Hung House sets stage for number games

Hung House sets stage for number games

For a change, a lot of voters in the district-sized coastal state of Goa would surely have got a perverse thrill from watching politicians coping with Saturday’s Assembly election finale. It was a nail-biting finish with a mix of uncertainty, nervousness, and even humiliation.

The Congress actually did slightly better than the BJP, but both failed to get
a majority in the 40-member House. In the former’s case, that was because voters seemed to have forgotten the sins and corruption of its pre-2012 regime.

Figures coming in late evening gave a hint of the whisker-thin margins of
many winning candidates, some even in three digits. Top BJP leaders tumbled
like ninepins, including Chief Minister Laxmikant Parsekar. So did his ministers for tourism, art and culture, forest and environment, among other party leaders.

After ruling Goa through rebel Congressmen in 1999, and then directly from 2000-2004 and a full 2012-2017 term, the BJP paid the price for a number of unpopular decisions in its last tenure. The party government’s record on mining, casinos, medium of instruction in primary schools and environment, was nothing to write home about. At one stage, then BJP leader Wilfred Mesquita accused his own party government here of corruption.

Just before the elections, the local RSS leadership broke off from the BJP over a hardline policy on education (virtually blo­cking English at the primary level) which its leader Subhash Velingkar and others, wanted the government to implement.

Some sought to blame the RSS alone for the BJP’s fate. But this explanation does not suffice; the Congress was itself contesting with other players who cut into its vote bank, including the AAP, Goa Forward (a regional party who some insinuate is close to an influential mining house), the Nationalist Congress Party, and independents.

More than the RSS’ temporary departure (the rebel faction is back with a ‘ghar wapsi’ in the past week), the Maharashtrawadi Gomantak Party (MGP) broke off from the BJP weeks before the elections in January. The MGP was Goa’s first ruling party (December 1963-April 1979), which later pushed for a pro-Maharashtra policy which, at one stage, included Goa’s merger with its neighbour.

It still packages itself as a subaltern Hindu party of the ‘bahujan samaj’ (common masses). Efforts to build an MGP-BJP alliance, which the late Pramod Mahajan painstakingly wielded together in 1994, came unstuck, affecting the ruling party.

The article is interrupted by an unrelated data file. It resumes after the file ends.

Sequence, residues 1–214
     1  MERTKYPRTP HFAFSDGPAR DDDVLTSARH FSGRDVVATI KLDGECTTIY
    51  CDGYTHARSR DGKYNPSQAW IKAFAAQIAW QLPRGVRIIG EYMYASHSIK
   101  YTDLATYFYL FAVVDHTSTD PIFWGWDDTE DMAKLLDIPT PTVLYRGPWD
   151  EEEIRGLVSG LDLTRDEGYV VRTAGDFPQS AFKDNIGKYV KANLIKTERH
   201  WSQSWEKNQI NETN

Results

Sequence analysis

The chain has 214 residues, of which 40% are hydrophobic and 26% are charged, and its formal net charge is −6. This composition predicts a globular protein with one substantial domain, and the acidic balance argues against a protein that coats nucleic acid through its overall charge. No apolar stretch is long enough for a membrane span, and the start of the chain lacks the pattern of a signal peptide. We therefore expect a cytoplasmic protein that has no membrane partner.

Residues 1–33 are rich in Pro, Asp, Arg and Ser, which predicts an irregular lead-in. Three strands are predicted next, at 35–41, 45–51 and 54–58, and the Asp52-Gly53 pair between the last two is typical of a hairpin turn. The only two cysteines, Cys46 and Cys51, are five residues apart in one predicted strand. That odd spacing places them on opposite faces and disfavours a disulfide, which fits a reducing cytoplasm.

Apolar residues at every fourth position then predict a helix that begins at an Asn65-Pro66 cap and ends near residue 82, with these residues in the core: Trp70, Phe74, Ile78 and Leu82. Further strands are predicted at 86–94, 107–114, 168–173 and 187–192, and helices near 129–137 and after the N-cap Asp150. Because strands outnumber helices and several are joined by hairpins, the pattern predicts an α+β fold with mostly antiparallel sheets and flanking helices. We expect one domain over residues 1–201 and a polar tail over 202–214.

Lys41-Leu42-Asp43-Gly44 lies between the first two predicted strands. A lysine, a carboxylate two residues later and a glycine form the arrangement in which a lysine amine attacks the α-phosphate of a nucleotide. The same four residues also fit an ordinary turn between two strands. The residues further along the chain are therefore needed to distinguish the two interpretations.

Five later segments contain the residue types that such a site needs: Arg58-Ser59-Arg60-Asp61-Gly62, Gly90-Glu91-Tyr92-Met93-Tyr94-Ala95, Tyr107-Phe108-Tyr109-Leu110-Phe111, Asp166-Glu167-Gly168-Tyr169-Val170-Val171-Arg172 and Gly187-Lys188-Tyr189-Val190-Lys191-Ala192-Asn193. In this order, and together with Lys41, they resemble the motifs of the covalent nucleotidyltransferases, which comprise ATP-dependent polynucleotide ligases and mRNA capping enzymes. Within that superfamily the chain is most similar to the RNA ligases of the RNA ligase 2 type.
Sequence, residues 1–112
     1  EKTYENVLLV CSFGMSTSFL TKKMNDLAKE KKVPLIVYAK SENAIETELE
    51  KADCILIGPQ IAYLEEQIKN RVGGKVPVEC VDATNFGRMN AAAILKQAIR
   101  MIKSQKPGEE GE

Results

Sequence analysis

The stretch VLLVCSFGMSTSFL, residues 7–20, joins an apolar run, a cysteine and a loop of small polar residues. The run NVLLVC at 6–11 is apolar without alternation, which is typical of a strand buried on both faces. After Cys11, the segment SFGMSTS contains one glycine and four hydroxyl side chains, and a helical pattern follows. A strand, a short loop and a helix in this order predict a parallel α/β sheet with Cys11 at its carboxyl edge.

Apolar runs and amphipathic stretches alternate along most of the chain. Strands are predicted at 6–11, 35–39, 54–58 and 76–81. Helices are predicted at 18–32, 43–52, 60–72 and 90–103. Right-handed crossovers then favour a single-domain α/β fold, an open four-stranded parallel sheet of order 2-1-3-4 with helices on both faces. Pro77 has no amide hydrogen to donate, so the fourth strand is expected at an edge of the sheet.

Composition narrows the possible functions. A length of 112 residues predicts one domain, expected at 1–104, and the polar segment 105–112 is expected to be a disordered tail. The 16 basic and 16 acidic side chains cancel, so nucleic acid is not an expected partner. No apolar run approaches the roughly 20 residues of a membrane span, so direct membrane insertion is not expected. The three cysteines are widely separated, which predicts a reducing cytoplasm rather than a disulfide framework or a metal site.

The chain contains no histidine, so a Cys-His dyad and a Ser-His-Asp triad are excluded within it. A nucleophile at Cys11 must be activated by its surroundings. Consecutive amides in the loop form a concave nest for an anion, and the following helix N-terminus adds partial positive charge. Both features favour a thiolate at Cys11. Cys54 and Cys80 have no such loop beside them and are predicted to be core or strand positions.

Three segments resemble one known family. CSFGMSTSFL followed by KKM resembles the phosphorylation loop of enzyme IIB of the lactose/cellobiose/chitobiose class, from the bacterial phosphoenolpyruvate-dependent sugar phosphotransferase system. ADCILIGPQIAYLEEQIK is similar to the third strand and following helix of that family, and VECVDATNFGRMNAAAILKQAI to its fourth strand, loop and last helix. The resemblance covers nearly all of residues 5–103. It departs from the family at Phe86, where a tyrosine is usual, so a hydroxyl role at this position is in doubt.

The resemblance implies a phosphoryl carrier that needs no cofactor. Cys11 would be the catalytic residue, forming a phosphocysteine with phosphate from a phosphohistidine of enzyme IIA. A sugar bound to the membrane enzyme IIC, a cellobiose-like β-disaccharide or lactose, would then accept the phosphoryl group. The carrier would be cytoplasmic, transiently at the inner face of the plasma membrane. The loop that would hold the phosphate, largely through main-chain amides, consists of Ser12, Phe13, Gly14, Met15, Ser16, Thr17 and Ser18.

Politics in Goa tends to be identity-based, conservative and at the same time, populist. The BJP spent thousands of crores of rupees as doles and subsidies on all kinds of schemes — higher secondary students getting laptops, marriageable women getting Rs 1 lakh official dowry of sorts, and more.

But it also remains a legacy of the 1960s, divide-and-rule religion-and-caste based voting patterns, though national parties have largely replaced the MGP-UGP (United Goans Party) days of five decades ago.

The BJP and the Congress have become the main contestants for power here, since the early 1980s in the latter’s case and the late 1990s for the former. Past elections saw the BJP-Congress at 17-16 in 2002, 14-16 in 2007, 21-09 in 2012.

What next?

If past experience is anything to go by, crafting and demolishing majorities in the 40-seat assembly is an easy, and not-too-costly, job. Much depends on the decision the Goa governor, former BJP leader Mridula Sinha, takes. BJP president Amit Shah has already announced that his party would bid for power. Just before the elections, the BJP lured legislators, one each from the Congress and the MGP — Godinho and Madkaikar. Both won seats and added to the BJP’s tally on the weekend.

But the unpleasant news for the people of Goa is that the state could well return
to its bad old days of incessant political inst­ability in the 1990s. Few governments have survived long in Goa when their ruling party was not the same as that in New Delhi.

Creating a majority, toppling it, breaking parties, and buying over legislators (an open secret here) has been the done thing when either there was no clear majority, or the party in Delhi was not in favour of the local political arithmetic.

In times of instability, concern was voiced over that trend. Ironically enough, political gazers taking to the idiot-box today were praising how bouts of instability can actually reduce ‘political arrogance.’ But beyond the politics of power, the growing feeling in Goa is that governance is not working adequately, is not responsive to the citizen, and beyond the hype doesn’t take a region, otherwise filled with potential, to where it should go.

(The writer is an independent journalist based in Goa)